Octopus.Server.Schedules.ProcessAutoDeployments taking 30+ minutes

performance

#1

We have recently enabled many of our projects to auto-deploy when new instances register with Octopus. During our large scale-out periods 3 times per week, we’ve noticed Octopus gets very very slow to deploy. Many deploy projects get queued (40-60 projects with 4-40 targets) and the single node that we have appears offline. Reviewing the logs we see this happen many times and it gets longer and longer between completions of this task: Octopus.Server.Schedules.ProcessAutoDeployments

According to the error, we should contact the support team if this happens frequently. Can you give us some guidance, please?

Full error here:
The scheduled task Octopus.Server.Schedules.ProcessAutoDeployments started at 9/24/2018 8:26:32 PM +00:00 and took 00:31:12.3072275 which can make this Octopus Server node ‘DKBUILD-OCTO’ appear to be offline. If this happens frequently please report this to the Octopus Support team.


#2

I should mention we’re currently using Octopus v2018.4.12


(Shane Gill) #3

Hi,

Thanks for getting in touch.

The issue that causes your node to appear offline has been mitigated as of 2018.6.8: https://github.com/OctopusDeploy/Issues/issues/4533

30 minutes is an extremely long time for that task to run. Can you elaborate on “Octopus gets very slow to deploy”? Do you mean the actual deployments start getting slow, or just the scheduling of automatic deployments?

Seeing your auto deploy logs and full Octopus server log after one of the scale-out periods would be a huge help figuring out why the task is taking so long. You can email them to support@octopus.com (reference this topic) to maintain your privacy.

Cheers,
Shane


#5

I will email the logs today. The symptoms are this:

  1. We scale out and between 100-200 instances join Octopus over the course of 15-20 minutes.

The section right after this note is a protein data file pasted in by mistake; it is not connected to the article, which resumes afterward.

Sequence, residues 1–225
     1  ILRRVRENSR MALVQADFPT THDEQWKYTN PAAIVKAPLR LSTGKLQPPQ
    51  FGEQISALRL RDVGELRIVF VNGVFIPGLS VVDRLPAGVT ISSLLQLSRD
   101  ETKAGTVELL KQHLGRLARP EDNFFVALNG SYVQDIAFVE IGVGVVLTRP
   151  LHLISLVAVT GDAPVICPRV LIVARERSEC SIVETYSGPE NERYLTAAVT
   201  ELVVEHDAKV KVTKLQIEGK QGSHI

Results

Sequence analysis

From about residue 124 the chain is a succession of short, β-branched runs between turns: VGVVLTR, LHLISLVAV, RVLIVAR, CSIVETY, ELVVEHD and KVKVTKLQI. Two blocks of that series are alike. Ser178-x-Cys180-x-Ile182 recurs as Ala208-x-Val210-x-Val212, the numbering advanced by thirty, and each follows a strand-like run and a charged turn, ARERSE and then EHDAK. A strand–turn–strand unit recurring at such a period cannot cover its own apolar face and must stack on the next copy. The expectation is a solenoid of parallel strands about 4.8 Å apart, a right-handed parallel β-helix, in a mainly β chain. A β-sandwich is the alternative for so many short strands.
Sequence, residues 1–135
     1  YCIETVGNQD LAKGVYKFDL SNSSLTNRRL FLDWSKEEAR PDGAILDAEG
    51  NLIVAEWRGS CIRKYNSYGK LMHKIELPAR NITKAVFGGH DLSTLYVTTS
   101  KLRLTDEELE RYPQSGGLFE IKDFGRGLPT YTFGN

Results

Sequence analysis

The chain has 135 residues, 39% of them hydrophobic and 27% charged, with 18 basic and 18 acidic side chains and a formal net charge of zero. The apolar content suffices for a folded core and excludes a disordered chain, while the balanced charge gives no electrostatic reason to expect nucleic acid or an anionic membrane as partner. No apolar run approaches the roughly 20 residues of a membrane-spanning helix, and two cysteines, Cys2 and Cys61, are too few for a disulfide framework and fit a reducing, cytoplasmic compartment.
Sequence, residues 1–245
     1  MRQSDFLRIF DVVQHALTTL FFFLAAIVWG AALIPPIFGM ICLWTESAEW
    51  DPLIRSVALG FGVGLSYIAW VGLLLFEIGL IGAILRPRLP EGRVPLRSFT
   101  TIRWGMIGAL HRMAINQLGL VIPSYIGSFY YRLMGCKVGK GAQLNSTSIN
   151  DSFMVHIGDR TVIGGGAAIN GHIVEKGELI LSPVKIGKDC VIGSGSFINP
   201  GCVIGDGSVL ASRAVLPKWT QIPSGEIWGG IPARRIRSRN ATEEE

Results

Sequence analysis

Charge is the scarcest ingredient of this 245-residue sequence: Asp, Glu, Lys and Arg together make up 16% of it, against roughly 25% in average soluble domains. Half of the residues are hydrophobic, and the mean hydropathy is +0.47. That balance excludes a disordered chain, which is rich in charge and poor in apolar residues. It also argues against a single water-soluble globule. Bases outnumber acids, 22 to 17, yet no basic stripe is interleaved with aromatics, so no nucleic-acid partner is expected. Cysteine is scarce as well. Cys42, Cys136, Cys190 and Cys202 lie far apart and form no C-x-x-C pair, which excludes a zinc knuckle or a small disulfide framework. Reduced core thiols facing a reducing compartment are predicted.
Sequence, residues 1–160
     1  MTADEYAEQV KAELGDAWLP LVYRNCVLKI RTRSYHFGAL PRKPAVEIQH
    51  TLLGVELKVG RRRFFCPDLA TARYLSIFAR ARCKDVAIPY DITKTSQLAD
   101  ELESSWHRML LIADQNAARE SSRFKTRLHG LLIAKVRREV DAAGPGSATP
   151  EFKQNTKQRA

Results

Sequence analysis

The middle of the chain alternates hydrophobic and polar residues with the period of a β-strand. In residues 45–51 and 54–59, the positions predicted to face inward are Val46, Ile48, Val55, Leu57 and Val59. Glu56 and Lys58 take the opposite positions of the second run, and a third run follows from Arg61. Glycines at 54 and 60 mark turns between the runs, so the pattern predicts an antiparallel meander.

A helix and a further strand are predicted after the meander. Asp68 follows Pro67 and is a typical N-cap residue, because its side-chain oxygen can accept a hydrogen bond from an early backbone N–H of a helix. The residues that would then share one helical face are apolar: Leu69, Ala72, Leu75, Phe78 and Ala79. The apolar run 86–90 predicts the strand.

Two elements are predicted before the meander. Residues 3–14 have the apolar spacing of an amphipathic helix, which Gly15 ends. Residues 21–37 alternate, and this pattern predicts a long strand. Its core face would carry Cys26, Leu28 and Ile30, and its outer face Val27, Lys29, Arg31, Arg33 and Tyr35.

2. Roughly 40-50 octopus projects have auto-deploy triggers run when machines become available for deployment.
  3. Our task cap is currently 10, but projects start deploying and then at some point just stay queued with fewer than 10 tasks running. During this period of time we observer our single Octopus Node displays as offline.
  4. At some point 5 or so minutes later, it comes back online and starts deploying queued tasks.
  5. Another 10-15 tasks complete before Octopus node appears offline again and queued tasks stop deploying.
  6. Each time Octopus appears offline seems to grow longer. For example the second time it happens it stays offline for 10-15 minutes. The third time is ~20 minutes, and the final one during that period was 30+ minutes.
  7. Once this long queue of tasks finally gets processed we have no offline periods (apparently) until the next time we scale out.

Questions:

  1. Is 10 a reasonable task cap or should we increase that?
  2. We are currently running Octopus server on an AWS c5.2xlarge instance. Are there guidelines to right-sizing that?

(Shane Gill) #6

Hi,

Upgrading past 2018.6.8 will resolve the issue with the node appearing offline and the task queue pausing.

It’s difficult to recommend a task cap or instance size because “it depends”. The task cap is designed to let you control how the instance is utilised. If you have resources to spare when 10 deployments are running, increase the cap. If the instance is under pressure but you want more deployment parallelism then increase the instance size. Observe the instance when you are scaling out - is it CPU bound while trying to process the auto deploy triggers, handle web requests and do 10 deployments? How is the SQL Server usage?

Thanks for sending logs, I am having a look at them and will let you know what I spot.

Cheers,
Shane


#7

Shane,

After reviewing the instance itself it really isn’t using many resources. We’ve increased the task cap from 10 to 60 and that seemed to work better because it at least processed 60 tasks before appearing offline again. We will schedule an upgrade to at least 2018.6.8 for the near future and hopefully that resolves our issue.

Thanks again,

David Andrews